Which antenna type do I need?

Now that you know all about the different type of antennas, you'll need to figure out which one is right for you. There are two very informative OTA broadcast websites that can help you find what you need. You can enter your address or just the zip code and find out where broadcast signals are transmitting from and which color code range you will need in order to reach them. Once you get your signal locator report, you can determine what type of antenna will work best for your needs.

TV Fool offers a helpful signal analysis tool that shows you which channels are in different ranges. It's very comprehensive and provides a lot of additional details and tools. It's a fantastic resource for cord cutters that are tech savvy and pretty good with a screwdriver.

Use the TV Signal Locator at TV Fool

AntennaWeb also has a signal analysis tool to help you see where channels are in relation to your location. This website is geared toward the average consumer, and is therefore easier to understand. It's the perfect resource for cord cutters just getting started with adding OTA broadcast TV to their network of media entertainment.

Use the TV Signal Locator at AntennaWeb

The best indoor antenna

ClearStream Eclipse

ClearStream Eclipse

The ClearStream Eclipse indoor antenna has a 35-mile range and is 1080p-compatible, with the ability to receive UHD 4K signals. It can be mounted to a window or flat wall and can be easily repositioned. CNET named it the best indoor OTA antenna.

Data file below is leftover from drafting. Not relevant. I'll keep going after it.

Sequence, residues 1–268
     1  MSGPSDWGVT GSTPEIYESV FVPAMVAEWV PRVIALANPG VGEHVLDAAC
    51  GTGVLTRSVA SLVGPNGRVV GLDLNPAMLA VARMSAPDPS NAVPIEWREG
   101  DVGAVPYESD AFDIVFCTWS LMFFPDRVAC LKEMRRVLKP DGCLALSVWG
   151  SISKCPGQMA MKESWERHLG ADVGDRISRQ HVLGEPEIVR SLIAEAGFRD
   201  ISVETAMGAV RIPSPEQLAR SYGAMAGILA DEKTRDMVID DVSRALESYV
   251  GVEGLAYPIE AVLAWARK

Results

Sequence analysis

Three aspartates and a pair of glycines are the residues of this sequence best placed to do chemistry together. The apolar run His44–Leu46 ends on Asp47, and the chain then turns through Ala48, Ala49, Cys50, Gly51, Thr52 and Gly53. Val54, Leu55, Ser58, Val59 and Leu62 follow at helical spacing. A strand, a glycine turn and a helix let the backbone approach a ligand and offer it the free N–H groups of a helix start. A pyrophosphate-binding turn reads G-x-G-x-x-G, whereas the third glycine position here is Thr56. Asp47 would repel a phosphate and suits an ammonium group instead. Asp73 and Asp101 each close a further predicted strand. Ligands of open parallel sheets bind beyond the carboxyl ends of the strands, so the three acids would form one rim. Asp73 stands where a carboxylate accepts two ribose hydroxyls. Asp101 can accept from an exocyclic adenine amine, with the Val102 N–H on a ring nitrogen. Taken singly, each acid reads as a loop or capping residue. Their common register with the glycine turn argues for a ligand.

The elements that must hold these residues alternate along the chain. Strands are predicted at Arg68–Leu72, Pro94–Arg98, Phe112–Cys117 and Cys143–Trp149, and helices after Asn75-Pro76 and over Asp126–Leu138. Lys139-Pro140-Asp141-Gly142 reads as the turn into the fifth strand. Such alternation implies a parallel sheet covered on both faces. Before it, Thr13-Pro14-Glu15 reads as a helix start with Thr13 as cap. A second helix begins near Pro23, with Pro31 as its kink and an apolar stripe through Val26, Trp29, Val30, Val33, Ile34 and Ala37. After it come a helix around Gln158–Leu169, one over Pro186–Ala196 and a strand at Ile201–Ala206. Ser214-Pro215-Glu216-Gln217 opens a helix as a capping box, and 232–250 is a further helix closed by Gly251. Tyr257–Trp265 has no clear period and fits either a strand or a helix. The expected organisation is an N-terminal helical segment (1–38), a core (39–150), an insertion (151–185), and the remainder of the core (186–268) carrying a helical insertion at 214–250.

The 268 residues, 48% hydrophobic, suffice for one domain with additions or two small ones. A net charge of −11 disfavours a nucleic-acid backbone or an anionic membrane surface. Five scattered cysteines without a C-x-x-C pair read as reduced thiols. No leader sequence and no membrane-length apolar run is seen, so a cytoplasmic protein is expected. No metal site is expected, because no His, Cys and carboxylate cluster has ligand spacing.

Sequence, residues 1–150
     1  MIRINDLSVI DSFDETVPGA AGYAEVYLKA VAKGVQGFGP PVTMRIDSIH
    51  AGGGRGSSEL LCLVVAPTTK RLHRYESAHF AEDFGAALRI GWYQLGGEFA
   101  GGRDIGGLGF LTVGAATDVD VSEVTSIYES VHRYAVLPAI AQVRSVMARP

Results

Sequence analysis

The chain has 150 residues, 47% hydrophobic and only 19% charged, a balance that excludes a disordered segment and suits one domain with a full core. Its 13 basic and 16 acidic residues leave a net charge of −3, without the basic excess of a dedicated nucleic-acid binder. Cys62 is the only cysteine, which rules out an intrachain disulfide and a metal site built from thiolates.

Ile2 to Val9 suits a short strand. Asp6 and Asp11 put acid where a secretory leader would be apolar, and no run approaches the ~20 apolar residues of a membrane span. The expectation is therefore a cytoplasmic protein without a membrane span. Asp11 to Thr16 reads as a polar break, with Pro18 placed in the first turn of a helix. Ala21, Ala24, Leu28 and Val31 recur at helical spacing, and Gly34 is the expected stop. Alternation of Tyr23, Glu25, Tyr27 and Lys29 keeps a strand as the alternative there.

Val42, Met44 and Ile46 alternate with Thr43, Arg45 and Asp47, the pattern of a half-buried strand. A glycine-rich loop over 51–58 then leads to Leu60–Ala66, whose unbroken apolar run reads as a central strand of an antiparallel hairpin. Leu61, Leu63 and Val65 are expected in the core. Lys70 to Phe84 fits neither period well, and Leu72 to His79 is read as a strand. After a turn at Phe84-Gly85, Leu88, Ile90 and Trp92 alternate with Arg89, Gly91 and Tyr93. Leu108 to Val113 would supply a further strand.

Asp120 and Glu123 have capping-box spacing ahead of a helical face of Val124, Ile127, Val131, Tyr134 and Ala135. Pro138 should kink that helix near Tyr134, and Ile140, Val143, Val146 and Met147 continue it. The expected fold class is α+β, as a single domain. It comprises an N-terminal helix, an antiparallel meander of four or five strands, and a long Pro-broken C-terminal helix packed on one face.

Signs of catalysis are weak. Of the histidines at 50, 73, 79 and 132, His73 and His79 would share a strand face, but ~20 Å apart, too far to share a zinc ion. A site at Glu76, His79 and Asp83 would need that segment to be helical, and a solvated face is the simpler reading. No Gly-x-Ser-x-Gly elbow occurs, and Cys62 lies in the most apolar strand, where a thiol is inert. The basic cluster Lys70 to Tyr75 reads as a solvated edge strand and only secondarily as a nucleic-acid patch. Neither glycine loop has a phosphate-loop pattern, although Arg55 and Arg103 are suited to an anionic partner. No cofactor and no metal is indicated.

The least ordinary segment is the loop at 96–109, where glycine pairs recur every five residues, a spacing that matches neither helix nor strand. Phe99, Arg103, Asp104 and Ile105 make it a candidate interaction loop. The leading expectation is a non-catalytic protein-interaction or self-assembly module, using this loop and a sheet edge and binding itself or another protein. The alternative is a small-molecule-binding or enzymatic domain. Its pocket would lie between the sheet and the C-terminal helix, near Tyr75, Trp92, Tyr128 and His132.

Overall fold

The Antennas Direct ClearStream Eclipse is one of the most complete indoor kits you can get with plenty of convenience [sic] features, like adhesive and a replaceable cable, included in the box.

It is double-sided, with black on one side and white on the other. Oh, and it is paintable, so you can paint it to match or compliment your wall color.

If you're looking for the perfect indoor antenna, the ClearStream Eclipse is the right one for you.

See at Amazon

The best outdoor antenna

Outdoor antennas are a little more complicated, depending on whether you need a unidirectional or multidirectional model, and whether you need short or long range (and if you need a preamp), but here are the ones that are best in their class.

Channel Master ExtremEntenna

Channel Master ExtremEntenna

The ExtremEntenna is a large outdoor roof- or attic-mounted multi-directional antenna that has an 80-mile, 180-degree range. It's coded for yellow through violet on the CEA color code spectrum. It comes preassembled, so installation is easy. It does not, however, come with a mast or coax cable, so you'll have to add both of those to your shopping list. This is the most full-ranged antenna you can get.

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RCA Yagi

RCA Yagi

RCA's directional outdoor HD OTA antenna is highly rated for its easy setup and powerful range. When mounted in your attic or on your roof you can get a signal range of 60 miles or more. It supports 1080p broadcast channels, it comes preassembled, and it even includes a mounting mast and coax cable for super quick installation. It has a fold-out UHF reflector, so you can get a wider range of channels. If you want long range but broadcast transmissions are located in one area, the Yagi is the most powerful antenna for its size.

See at Amazon

Any questions?

Do you have any questions about OTA antennas or how to choose the one that's right for you? Put them in the comments and we'll help you out.